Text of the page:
Japan considers the future as post-disaster project ends

By Shinya Yawata
Posted Mar 19, 2013

[Anglican Communion News Service] Anglicans in Japan are considering the next phase of a key project set up to help the most vulnerable following the country’s triple disaster two years ago.

The Isshoni Aruko (Let Us Walk Together) project provided relief and rehabilitation for vulnerable people, such as children, the elderly, disabled people and foreign migrants, in the wake of the 2011 earthquake, tsunami and nuclear fallout.

At a recent decision of the project’s Steering Committee, it was decided to investigate next steps once the project concludes at the end of May 2013. Options include Nippon Sei Ko Kai (Anglican Communion in Japan) or its Tohoku diocese extending the project, closing it, or handing it off to a non-governmental organization.

Initially, the project distributed food items and other much-needed relief goods. Thereafter, the church worked with institutions for people with learning difficulties, helping them find new markets for their products, which included cookies, and ornaments made from silkworm cocoons and promoting their business around the church.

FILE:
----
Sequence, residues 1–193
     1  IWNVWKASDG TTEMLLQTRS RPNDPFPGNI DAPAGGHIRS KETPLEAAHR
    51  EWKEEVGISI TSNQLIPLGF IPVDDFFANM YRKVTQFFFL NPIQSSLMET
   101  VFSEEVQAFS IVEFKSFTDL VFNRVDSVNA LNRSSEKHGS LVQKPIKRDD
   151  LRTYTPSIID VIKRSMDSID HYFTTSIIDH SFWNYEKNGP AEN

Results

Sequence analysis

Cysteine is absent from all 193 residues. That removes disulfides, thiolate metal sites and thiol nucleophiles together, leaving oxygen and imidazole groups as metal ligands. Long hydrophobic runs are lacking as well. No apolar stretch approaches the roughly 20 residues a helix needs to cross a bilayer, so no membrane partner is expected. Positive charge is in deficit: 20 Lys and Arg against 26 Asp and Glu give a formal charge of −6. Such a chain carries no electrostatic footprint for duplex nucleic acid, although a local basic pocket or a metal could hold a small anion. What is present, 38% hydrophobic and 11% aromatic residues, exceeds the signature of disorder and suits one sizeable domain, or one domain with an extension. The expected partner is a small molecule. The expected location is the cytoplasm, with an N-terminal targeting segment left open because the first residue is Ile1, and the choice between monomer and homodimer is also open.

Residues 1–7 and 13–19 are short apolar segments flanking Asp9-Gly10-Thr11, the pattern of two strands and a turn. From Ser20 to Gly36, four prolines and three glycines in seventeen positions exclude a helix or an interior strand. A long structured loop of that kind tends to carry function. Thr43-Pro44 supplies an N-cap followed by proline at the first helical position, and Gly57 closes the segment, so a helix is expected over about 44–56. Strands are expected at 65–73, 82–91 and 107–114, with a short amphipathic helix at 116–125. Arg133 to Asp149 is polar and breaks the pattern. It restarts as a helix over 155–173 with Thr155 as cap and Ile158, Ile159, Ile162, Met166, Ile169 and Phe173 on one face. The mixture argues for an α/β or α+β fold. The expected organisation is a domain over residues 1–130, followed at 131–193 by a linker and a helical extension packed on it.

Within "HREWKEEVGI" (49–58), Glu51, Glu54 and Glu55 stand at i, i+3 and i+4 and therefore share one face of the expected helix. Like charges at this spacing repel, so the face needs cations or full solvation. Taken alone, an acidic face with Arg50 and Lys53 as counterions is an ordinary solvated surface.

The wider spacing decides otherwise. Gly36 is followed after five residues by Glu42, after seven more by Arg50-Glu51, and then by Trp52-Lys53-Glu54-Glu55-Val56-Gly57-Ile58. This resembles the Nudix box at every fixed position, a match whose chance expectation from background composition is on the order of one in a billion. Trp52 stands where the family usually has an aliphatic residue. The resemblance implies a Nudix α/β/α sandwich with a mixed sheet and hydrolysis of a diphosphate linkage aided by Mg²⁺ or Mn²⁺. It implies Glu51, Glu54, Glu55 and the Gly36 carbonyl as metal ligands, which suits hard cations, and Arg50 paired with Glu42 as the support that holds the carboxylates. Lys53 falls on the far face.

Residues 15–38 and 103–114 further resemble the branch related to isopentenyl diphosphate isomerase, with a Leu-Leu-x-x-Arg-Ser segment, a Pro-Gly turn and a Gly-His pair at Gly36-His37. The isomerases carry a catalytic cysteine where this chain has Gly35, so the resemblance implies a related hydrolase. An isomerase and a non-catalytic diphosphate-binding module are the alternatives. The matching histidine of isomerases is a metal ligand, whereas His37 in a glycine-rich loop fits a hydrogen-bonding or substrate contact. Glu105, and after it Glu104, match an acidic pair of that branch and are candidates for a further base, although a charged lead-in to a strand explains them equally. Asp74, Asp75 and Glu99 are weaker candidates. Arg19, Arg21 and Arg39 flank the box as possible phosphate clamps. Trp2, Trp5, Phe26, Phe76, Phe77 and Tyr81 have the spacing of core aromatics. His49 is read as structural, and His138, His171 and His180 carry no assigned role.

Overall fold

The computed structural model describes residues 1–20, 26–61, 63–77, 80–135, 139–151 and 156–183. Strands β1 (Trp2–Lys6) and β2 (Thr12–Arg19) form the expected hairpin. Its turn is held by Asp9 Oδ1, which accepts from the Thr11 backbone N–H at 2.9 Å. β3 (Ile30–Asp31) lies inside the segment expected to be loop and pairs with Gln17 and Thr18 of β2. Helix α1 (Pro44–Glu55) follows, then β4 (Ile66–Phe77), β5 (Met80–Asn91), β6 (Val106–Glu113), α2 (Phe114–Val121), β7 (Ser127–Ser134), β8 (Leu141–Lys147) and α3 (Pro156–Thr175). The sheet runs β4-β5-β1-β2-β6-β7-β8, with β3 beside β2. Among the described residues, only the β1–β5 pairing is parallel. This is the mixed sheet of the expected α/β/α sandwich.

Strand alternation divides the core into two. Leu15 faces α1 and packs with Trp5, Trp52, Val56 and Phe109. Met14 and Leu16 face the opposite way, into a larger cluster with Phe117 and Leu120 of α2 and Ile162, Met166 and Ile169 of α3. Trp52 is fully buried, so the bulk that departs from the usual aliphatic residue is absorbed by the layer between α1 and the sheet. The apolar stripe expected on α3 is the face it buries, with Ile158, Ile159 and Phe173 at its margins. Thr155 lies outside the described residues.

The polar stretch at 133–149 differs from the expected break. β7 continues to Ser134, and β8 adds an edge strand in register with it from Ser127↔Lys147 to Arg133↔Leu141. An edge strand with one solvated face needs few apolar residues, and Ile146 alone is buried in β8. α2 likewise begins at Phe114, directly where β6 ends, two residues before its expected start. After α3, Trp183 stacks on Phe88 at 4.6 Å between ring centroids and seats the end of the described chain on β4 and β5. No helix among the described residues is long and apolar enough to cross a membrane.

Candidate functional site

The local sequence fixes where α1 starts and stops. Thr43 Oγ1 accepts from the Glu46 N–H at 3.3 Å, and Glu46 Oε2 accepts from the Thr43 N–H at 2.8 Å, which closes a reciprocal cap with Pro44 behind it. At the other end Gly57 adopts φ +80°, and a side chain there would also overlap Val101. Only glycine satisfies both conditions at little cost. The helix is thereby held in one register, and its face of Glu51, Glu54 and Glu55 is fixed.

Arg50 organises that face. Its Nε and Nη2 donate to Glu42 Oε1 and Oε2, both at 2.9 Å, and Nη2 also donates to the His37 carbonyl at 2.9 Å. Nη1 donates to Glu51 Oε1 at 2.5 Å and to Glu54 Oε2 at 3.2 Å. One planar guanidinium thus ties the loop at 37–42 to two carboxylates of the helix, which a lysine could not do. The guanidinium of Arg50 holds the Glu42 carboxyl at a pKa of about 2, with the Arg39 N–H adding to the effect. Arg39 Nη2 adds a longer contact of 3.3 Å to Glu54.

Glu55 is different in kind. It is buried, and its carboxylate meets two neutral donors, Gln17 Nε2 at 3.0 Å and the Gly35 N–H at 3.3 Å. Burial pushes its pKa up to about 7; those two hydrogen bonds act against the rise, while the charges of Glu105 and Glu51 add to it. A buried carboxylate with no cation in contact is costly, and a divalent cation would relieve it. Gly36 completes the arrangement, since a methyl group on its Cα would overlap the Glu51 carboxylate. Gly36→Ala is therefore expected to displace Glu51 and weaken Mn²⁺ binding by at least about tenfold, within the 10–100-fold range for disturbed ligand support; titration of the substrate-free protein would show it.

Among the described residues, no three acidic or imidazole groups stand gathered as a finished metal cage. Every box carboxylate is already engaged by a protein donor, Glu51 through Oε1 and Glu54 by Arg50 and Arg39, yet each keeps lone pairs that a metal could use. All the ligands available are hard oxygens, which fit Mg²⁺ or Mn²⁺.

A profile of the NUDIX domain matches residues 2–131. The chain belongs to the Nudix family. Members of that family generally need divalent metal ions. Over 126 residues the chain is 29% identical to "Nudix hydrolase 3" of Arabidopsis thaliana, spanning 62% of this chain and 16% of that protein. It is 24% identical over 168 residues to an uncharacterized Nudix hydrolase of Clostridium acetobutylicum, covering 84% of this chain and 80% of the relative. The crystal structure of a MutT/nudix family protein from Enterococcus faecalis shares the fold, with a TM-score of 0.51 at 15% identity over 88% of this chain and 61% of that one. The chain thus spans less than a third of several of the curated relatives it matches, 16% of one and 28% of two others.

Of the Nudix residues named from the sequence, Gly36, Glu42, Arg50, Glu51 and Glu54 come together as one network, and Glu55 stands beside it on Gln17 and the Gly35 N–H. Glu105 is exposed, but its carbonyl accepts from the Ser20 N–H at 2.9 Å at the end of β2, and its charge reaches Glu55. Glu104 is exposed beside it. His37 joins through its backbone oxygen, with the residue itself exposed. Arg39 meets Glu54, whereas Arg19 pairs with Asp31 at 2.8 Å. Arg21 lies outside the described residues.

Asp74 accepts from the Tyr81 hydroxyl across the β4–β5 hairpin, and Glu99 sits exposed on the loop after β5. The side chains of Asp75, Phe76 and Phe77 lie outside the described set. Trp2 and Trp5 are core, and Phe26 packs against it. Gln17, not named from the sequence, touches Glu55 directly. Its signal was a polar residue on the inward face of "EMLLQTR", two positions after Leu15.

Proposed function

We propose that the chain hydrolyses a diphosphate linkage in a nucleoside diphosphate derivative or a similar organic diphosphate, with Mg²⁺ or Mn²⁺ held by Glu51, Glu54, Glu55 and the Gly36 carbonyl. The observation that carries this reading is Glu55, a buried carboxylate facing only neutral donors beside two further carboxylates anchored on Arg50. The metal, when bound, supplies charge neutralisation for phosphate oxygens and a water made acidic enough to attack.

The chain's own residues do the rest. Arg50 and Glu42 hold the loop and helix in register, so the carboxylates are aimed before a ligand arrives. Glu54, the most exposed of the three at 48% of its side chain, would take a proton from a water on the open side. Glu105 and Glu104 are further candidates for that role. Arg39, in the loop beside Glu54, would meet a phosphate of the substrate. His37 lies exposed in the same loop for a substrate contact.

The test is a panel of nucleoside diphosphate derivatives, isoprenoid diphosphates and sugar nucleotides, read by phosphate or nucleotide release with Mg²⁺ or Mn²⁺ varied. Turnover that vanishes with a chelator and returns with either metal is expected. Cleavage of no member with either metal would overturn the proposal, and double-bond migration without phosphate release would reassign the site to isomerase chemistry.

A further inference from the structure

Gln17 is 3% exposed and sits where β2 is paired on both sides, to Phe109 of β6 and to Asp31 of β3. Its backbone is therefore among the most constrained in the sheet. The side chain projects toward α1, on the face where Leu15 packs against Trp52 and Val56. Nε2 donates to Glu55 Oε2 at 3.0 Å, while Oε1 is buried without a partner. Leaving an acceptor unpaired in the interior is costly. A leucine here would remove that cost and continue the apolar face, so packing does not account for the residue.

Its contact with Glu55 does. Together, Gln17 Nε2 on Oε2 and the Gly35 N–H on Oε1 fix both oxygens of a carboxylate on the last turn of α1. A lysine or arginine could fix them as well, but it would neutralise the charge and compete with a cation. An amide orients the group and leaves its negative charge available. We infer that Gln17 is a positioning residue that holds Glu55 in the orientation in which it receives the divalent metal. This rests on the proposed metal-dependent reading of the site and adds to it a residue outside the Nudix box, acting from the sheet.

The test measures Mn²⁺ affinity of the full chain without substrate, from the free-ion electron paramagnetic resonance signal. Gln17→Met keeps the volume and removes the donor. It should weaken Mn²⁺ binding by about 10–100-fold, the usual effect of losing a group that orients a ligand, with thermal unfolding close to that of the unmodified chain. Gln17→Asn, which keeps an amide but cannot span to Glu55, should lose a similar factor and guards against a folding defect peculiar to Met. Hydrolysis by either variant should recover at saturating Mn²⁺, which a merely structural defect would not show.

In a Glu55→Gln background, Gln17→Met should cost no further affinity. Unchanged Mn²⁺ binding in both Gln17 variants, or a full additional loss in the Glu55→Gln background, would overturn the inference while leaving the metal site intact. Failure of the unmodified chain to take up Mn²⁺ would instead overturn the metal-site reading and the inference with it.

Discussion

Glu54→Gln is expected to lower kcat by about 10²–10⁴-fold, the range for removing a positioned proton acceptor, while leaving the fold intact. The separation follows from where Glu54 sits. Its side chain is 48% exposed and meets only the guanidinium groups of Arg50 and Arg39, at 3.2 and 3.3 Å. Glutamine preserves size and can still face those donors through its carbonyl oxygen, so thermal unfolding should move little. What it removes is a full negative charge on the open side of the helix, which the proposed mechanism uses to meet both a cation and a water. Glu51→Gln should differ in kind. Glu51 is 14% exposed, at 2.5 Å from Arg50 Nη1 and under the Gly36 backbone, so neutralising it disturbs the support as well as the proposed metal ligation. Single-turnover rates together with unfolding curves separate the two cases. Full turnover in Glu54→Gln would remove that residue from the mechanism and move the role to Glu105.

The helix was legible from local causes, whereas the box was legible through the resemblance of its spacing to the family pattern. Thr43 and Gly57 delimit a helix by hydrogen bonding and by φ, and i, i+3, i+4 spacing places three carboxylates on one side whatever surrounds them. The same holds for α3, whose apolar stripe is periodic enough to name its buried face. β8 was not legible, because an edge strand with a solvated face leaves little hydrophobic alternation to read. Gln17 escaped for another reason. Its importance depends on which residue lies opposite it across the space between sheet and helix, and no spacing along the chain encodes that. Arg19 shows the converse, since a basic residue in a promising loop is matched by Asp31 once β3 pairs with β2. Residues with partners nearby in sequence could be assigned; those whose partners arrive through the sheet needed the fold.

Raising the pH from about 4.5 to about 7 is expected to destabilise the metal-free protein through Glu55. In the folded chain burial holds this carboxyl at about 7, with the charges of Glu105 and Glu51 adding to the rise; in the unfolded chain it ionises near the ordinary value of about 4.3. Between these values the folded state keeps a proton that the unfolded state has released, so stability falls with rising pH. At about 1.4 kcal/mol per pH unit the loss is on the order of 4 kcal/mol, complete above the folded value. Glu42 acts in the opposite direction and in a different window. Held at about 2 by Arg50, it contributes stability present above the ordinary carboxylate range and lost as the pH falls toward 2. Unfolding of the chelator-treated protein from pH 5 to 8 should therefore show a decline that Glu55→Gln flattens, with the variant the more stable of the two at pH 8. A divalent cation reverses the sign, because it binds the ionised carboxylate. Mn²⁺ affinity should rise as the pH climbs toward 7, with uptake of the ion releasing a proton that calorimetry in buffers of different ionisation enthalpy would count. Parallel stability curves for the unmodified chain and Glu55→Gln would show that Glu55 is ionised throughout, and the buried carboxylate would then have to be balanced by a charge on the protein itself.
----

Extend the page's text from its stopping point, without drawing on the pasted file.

The Isshoni Aruko (Let Us Walk Together) project also supported foreign migrants to learn new skills and become self reliant. Some qualified as care-givers, others as English teachers thanks to the help they had been given.

The project continued to provide goods and services to elderly people in temporary housing units following extensive needs assessments. Project workers and volunteers provided exercise classes for the elderly, cooking classes, sewing classes and other activities.

Young people also benefited from the work of NSKK, with children enjoying extra-curricula learning and short-term off-site camps particularly for those affected by the nuclear power plant disaster.

In just two years, the project saw more than 7,000 people volunteer, including parishioners of NSKK churches, students of NSKK-affiliated colleges, pupils of NSKK-affiliated schools, parents of school pupils, friends of parishioners, and some non-Christians. Many returned to help again and again.

NSKK and the project team have expressed their appreciation to those who contributed financially or gave relief goods and who supported or in prayer.